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Marketing homes

Home Stager with Magick Home Makeovers

Recently I started doing some continuing staging education.  I tell you honestly that after four years in business, I did it primarily to get more web presence and referrals, and I didn't think the credential would hurt with agents. Quickly I am seeing there is a lot more to be learned and to be re-learned. 

One of the first (smart) things it tipped me to was to constantly watch listings for a number of variables.  Of course I did that time to time, but I had never really looked in terms of the agent's marketing strategy.  Today I noticed some stuff that really surprised me.  

One, that in my area at least, the higher the listing, the less marketing material seems to be available, and the more likely the property is vacant.  It seems to me that while it makes sense not to disclose the address or maybe the exterior with house number, it makes no sense not to have a slideshow and above all not to stage.  That's a nice piece of change there.  Is the philosophy that the high end listings have a limited market and will sell themselves? You would think with a six figure commission as the goal, marketing would be stellar.  Can someone explain this thinking to me?

Just the variability of what gets done to market listings online is amazing.  Some agents offer a full package with at least an attempt at staging, and a video clip and some extra shots taken well in good lighting.  Others offer no picture at all, or four shots of which three are exterior and the fourth is so dark you can't see the features. 

Is this because of marketing budget?  I can't see why. Now I understand the trick is to get that four shot agent to see the value in what his competition is doing.  You would think the homeowners would be insisting on competitive marketing.  

Oh well, I am off to some open houses tomorrow that look as though they could use some help, armed with what comparables are doing and wish me luck.





Melissa Marro
Keller Williams First Coast Realty - The Marro Team - Orange Park, FL
Jacksonville Real Estate and Home Staging
I would suppose the thought process is that there are fewer buyers in this category and also fewer homes.  If you were to stage the home or spend a lot of money marketing you might have to do it for months - taking away part of that valuable commission.  This is clearly flawed thinking!  It is no different that the million and multi-million homes that haven't been updated in 10 years thinking someone will buy their home because it's got great bones & a view, etc.... There are a ton of homes that fit that bill.  The million dollar tags are no different - they just think they are (sometimes).  This is why continuing to educate agents is so important!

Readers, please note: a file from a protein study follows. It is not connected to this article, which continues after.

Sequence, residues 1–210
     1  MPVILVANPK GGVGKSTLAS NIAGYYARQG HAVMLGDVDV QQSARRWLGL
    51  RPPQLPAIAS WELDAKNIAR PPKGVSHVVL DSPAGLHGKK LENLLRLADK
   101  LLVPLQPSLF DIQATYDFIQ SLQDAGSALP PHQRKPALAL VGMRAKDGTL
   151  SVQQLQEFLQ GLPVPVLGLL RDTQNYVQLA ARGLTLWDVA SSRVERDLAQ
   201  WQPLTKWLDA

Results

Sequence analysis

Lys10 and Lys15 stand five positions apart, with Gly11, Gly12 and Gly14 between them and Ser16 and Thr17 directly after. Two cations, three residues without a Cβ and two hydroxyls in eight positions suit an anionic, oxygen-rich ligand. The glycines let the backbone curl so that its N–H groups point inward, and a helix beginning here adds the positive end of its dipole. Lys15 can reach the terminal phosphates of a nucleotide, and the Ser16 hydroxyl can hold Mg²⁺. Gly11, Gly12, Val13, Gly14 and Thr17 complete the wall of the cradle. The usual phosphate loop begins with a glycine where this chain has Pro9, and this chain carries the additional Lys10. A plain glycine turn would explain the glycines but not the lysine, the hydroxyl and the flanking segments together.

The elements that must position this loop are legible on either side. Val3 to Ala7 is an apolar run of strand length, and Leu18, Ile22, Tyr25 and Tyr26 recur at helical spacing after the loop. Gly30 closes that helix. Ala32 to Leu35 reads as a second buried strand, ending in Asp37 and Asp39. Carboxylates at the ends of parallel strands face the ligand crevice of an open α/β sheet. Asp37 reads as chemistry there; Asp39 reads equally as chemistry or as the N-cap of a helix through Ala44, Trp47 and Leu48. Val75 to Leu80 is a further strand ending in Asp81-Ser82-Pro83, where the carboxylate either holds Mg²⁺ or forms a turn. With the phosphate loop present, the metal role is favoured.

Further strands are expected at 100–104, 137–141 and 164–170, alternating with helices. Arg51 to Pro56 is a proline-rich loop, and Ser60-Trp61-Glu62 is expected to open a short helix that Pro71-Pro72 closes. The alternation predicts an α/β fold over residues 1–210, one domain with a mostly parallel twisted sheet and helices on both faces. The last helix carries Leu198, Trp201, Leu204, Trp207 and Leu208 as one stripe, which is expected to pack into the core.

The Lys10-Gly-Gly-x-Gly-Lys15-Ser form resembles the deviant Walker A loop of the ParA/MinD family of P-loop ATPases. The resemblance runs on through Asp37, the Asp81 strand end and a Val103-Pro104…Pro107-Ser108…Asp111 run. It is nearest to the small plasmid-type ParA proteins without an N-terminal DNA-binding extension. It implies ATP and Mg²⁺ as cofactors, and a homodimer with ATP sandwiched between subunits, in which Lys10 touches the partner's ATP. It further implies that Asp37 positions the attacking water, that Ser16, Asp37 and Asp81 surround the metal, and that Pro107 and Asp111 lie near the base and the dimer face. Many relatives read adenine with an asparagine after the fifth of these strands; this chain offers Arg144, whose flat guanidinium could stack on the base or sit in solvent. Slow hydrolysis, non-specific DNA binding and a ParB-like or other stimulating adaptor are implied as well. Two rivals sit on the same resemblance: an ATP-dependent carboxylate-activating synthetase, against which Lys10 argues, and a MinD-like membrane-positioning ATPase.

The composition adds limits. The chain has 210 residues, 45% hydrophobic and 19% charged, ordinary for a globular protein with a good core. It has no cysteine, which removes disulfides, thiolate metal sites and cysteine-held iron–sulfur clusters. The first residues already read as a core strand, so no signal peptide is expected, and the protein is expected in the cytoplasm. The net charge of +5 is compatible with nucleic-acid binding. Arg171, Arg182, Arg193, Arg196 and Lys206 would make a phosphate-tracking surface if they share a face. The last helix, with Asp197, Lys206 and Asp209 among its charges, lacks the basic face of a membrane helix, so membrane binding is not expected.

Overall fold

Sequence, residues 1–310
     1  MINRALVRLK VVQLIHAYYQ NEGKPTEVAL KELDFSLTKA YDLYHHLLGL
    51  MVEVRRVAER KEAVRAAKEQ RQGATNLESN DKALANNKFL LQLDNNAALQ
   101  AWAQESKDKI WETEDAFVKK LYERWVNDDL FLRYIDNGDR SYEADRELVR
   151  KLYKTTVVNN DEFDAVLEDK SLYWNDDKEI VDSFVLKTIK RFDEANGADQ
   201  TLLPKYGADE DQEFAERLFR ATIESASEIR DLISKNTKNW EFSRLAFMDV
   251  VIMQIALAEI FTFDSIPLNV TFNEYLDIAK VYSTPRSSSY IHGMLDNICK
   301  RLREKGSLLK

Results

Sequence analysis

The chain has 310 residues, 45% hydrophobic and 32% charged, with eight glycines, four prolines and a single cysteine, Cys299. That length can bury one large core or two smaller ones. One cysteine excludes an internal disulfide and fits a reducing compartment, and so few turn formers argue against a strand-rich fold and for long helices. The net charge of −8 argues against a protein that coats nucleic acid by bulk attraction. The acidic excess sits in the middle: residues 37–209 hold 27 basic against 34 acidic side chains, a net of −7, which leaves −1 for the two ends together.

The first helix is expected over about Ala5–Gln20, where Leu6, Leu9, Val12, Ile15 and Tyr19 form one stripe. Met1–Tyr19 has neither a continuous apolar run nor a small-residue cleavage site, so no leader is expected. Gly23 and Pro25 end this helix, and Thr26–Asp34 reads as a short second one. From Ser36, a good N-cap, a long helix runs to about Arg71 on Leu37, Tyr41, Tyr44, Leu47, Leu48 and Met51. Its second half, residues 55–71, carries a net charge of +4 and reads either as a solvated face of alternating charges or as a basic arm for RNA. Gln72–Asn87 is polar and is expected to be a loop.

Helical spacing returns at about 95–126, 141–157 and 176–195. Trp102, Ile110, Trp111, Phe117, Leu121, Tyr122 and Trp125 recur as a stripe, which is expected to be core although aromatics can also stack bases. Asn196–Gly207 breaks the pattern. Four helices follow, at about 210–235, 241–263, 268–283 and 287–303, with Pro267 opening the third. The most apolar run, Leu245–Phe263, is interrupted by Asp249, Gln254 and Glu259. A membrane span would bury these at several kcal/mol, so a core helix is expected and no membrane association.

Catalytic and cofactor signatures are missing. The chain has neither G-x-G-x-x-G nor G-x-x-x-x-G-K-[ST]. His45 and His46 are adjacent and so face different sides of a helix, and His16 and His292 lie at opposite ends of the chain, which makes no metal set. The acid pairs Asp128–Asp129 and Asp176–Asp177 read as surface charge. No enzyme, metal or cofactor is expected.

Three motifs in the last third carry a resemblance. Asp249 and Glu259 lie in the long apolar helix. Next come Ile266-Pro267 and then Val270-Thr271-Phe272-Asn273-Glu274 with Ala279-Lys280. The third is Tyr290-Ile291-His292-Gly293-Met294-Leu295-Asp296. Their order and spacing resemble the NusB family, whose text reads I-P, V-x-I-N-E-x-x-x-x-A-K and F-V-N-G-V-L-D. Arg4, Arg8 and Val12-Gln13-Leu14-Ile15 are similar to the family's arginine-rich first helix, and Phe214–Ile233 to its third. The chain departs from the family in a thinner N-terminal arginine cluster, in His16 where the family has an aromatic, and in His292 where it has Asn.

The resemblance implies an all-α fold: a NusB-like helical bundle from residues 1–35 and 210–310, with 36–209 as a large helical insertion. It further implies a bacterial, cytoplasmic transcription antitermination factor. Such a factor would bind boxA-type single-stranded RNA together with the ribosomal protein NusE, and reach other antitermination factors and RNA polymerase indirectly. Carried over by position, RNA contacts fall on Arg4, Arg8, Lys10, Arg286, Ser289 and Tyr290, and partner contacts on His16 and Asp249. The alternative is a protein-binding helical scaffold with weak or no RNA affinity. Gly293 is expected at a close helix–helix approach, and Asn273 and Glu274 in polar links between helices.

Jan 26, 2008 08:40 AM
Yvonne Root
rooms b.y. root - Prescott, AZ
Home Stager - Northern Arizona

Debbi, I'm glad you brought this up. About a week ago I was looking diligently at the high end listings in our area because I've been asked to speak at a MLS breakfast where the tour will feature only high end homes. I was so surprised to find that only one of ten houses had any photos, much information beyond the price, and what appeared to be any regard for marketing.

Now, here is the mixed message I'm getting. I've been asked to speak at this particular meeting because of the featuring of the high end homes. (The person asking me practically winked at me and stated that it was obvious that my marketing should only be to owners of these high end homes.)  When I go looking for information it seems marketing is believed to be unnecessary. Me thinks me is confused. 

Jan 26, 2008 09:22 AM
Debbi Callander
Magick Home Makeovers - Mississauga, ON

Yvonne, if they didn't think they needed to market the high end homes, why did they ask you to come and speak with them about that? It sounds like they just want to make sure you take the approach that the home owner is your client and not the agent. 

I think if I were an agent I would be willing to kick in maybe ten percent of my commission to move the listing fast and maximize my net earnings on it.  If it went overlist, the agent could well break even even with the staging. 

I suspect the agents' view might be that you have to walk gingerly with the very privileged so they are not offended at the suggestion that there is anything lacking in the way their home shows, but I think if people are wealthy they are smart enough to know you have to spend money to make money, and they expect reasonable critique as part of the package.

I have had agents split the cost of the consultation with the homeowner, and even throw in the sofa from their family room to stay under budget.  

This is a great opportunity for you reach a sweet target market ready to hear what you can do for them.  You go girl.




Jan 26, 2008 09:40 AM
Kathy Riggle
Houston Home Staging

Your explanation above makes sense, Debbi.  If the agents are reluctant to bring up decor issues with the "privileged", then a stager could take on that responsibility! Thanks for the post.


Jan 28, 2008 09:33 AM
Gail Reeves Reid
Re/Max Realty Specialists - Mississauga, ON


The devil is in the details. A true professional would not allow a multi million dollar home not to be professionally staged. I have seen these homes also and just hope that the listing expires so I can get a shot at marketing the property like a tru professional.


Jan 28, 2008 01:42 PM
Susan Peters
Dove Realty Inc. - Seattle, WA
The Better it Looks the Better it Sells


I have a much simpler explanation. It's called being lazy and cheap.  

Jan 28, 2008 03:32 PM
Terrylynn Fisher
Dudum Real Estate Group - BuyStageSell.com - Walnut Creek, CA
HAFA Certified, EcoBroker, CRS, CSP Realtor, Etc.
See they need you, they really need you.  Job security
Jan 28, 2008 05:29 PM